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A wonderfully passionate, well-written, and well-illustrated article dear Celeste Liddle. Here's hoping the Murdochs and other media moguls read and respond to your excellent case. If only we had a well-funded Australian 'Truth and Justice Commission' to draw all the threads together of on-going public injustices, falsehoods, prejudices, mis-representations, cruelties, and trivialisations, so as to make plain the ludicrous inanity that (so unnecessarily) still pervades our beautiful and potentially great nation . . . PLEASE don't give up! The totally awesome talents of Aboriginal peoples are absolutely indispensable if Australia is to attain her great future potential. We need you more than you need us!
Dr Marty Rice | 08 October 2018


Celeste, you are a writer and a powerful one. I'm currently reading a book by Fiona Wright "Small Acts of Disappearance - Essays on Hunger". Wright chronicles her battle with an eating disorder, a condition so serious it threatens life. Australia's indigenous peoples are intrinsic to this country and not only your voice is needed but the voices of all Australians of goodwill.
Pam | 08 October 2018


There is no doubt, Celeste, that the European seafaring explorers and colonists, who assumed ownership of every land they set foot on, were the masters of superiority over all other races (racism), white-skinned in the main and allegedly civilised. Native peoples of the New Worlds they discovered throughout the Southern Hemisphere and North America were in the main dark skinned, hence inferior and treated inhumanely and appallingly. When I worked in the Torres Strait in close association with Islanders, Papua/New Guineans and Mainland Australian Aborigines, I was struck by the remarkable harmony that existed between the three races. It was said that on the way up from Cape York via the Strait to PNG the power of the spirits embodying "magic" and the casting of spells went from most powerful to least and on the way down the threatening physical power decreased from headhunting via cannibalism to the relatively non-threatening Aborigine. Balance between these two aspects of potentially controlling power was responsible for the mutual acceptance by each of the different cultures. People without power who pose no threat I suppose are always victims of bullies. The sooner our Aboriginal people have genuine power the better off we will all be. It is time the bullying stopped.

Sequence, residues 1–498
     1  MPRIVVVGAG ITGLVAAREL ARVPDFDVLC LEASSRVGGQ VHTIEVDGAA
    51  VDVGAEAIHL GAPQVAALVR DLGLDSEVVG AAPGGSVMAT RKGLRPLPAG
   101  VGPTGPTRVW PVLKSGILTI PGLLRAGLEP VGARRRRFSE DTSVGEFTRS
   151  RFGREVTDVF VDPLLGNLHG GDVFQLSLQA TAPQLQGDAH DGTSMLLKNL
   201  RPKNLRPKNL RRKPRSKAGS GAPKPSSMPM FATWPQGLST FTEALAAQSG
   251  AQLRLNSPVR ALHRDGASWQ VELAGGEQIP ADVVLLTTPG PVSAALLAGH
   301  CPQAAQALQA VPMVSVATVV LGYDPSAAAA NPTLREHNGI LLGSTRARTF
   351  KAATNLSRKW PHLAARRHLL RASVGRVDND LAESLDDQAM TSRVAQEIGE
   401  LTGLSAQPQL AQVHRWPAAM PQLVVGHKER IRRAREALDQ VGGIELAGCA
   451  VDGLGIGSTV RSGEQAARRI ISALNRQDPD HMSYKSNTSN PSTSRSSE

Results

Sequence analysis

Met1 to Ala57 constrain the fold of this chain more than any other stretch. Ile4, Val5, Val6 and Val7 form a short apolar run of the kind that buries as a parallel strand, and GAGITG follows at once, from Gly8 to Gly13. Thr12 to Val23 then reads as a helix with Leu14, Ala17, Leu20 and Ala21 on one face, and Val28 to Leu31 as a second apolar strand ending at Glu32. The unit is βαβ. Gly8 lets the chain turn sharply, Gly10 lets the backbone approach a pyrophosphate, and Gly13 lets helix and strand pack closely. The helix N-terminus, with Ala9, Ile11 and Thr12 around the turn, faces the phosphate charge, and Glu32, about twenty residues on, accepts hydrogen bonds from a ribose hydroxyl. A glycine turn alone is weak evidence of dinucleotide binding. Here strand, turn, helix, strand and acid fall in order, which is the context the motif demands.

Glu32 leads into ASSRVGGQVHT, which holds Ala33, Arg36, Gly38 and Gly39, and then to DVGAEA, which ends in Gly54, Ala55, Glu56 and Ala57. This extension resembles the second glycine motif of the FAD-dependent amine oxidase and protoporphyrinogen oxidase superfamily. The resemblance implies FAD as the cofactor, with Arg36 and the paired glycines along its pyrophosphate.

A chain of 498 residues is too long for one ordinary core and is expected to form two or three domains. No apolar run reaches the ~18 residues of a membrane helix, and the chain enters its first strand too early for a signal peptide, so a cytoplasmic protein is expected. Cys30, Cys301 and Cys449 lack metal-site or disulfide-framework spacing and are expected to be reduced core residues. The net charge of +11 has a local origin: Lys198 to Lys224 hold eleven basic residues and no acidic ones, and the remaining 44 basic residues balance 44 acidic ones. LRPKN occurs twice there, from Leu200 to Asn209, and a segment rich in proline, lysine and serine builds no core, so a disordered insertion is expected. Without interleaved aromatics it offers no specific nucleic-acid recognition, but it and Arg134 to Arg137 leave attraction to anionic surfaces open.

john frawley | 08 October 2018


Thanks Celeste! I also think racism is alive and well in Australia. The brutal treatment of people of different races who come here seeking asylum, which they have every right to do, is just one example, and it is done by our major party politicians in our name.
Grant Allen | 08 October 2018


Thanks, Celeste. You help us all to have a better understanding of the stresses on our indigenous peoples. Please keep writing.
Peter Johnstone | 08 October 2018


I should add, Celeste,that if the Aboriginal people are to achieve the power necessary to displace the past to the oblivion where it belongs they have to make education of their children the major priority. We have already seen the value of education in the Aboriginal community in people such as yourself, Celeste. However, the numbers are too small to be effective. All Aboriginal children need to be on an educational par with all non-Aboriginal children. Until that happens nothing is likely to change. The only people who can achieve that are Aboriginal parents. It's time for those educated Aboriginal people to ensure that it happens.
john frawley | 08 October 2018


Thank you. Please keep writing. Please. Your voice is so important.
Penny | 09 October 2018


Right again Celeste! You a are a credit to all Australians ( whether some realise it or not). Keep writing your wise and powerful words, they are needed.
Peter Casey | 13 October 2018